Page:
Pilot Medical

Pilot Medical (2)

Hypoxia: The Silent Killer

Hypoxia: The Silent Killer

July 2013 -

"I don't go that high," came the reply to my question asking why a pilot had never had hypoxia training. After asking how high the pilot typically flew, he said he never would go over 10,000 to 12,000 feet. Then I asked him if there was a possibility of carbon monoxide poisoning aboard his aircraft.

"What does that have to do with anything?" came the pilot's reply.

I've been working at the Arizona State University's Altitude Chamber for the past 10 years, given training to hundreds of personnel, as well as receiving training myself. Once upon a time, I too did not understand the dangers associated with hypoxia.

I woke up around 4 a.m. to complete flight planning and skipped breakfast as a result of running behind schedule. I arrived at the airport, completed preflight, and was en route to Winslow, Ariz. (KINW) from Phoenix-Mesa Gateway Airport (KIWA).

My cruising altitude to Winslow was a cozy 9,500 MSL. The ground below me was patchy snow dotting the mountainous landscape and I detected a hint of a headache and wished I hadn't skipped breakfast.

Hypoxia: What’s Your 10-Point Altitude?

Hypoxia: What’s Your 10-Point Altitude?

I had taken off early from South Florida and had flown all day long between 8,500 and 10,500 feet MSL. I touched down briefly at KAEX in Alexandria, La. for lunch and fuel, then climbed back to my cruising altitude.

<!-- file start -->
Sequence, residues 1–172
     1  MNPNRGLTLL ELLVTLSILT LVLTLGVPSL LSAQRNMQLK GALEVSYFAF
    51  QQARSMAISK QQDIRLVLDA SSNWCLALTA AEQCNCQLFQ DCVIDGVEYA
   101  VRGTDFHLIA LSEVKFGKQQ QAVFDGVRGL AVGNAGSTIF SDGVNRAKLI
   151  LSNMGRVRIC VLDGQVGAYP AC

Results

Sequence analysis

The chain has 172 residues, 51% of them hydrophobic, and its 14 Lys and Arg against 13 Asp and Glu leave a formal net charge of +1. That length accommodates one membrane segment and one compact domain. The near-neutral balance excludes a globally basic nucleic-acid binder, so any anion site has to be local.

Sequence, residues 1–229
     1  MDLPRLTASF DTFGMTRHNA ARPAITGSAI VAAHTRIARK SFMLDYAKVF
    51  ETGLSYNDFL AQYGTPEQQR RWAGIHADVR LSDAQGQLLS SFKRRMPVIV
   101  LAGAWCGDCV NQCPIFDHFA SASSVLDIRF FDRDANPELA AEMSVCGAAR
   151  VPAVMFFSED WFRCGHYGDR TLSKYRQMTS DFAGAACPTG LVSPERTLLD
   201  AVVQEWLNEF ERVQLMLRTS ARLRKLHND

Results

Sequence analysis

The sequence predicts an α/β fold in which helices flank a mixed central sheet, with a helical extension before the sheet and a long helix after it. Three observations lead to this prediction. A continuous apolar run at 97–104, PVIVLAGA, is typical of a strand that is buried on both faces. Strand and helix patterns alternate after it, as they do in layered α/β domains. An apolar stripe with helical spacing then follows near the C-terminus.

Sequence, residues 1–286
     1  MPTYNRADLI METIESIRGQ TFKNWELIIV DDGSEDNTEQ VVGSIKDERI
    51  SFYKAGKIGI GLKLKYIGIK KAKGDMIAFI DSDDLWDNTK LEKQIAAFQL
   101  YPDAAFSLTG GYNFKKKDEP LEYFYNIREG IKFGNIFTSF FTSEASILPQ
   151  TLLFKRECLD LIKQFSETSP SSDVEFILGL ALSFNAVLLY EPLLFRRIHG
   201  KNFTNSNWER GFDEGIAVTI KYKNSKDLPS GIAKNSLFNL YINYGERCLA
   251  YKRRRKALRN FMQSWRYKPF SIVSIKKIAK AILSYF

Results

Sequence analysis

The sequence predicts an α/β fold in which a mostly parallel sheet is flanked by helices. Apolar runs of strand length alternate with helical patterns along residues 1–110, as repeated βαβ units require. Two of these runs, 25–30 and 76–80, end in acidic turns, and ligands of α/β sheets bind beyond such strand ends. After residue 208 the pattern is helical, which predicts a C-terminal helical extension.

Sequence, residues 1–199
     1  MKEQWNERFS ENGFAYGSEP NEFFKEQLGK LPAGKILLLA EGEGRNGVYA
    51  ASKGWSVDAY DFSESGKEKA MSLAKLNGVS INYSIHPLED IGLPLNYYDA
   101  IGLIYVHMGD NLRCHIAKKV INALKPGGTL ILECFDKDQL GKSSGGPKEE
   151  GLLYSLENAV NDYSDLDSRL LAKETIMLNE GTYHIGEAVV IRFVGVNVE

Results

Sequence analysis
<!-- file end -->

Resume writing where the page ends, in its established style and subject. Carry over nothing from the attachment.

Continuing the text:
I was headed for Mineral Wells, Texas for an S-TEC autopilot tune-up, but decided to land at Waco, Texas (KACT) instead. It was the end of a long day and low ceilings were cramping my comfort zone.

I punched in the identifier for Waco and followed the GPS guidance, but didn’t see any runways. I felt flummoxed and frustrated. Waco is a big airport—I couldn’t grasp why I couldn’t see the runways. I again punched “ACT” into the GPS and hit enter. Still no airport in sight even though the GPS indicated I was directly above it.

Then I spotted the VOR antenna and everything fell into place. My thinking had—unbeknownst to me—become so foggy I had neglected to enter “K” before the three-letter identifier.

I corrected the entry, found the runways, got a landing clearance and safely landed. I slept long and well that night. After reviewing the flight, I concluded that I was just tired and that any pilot who had just flown for seven hours and covered over 1,000 nm in one day would have made the same mistakes.

I was wrong. I was hypoxic.


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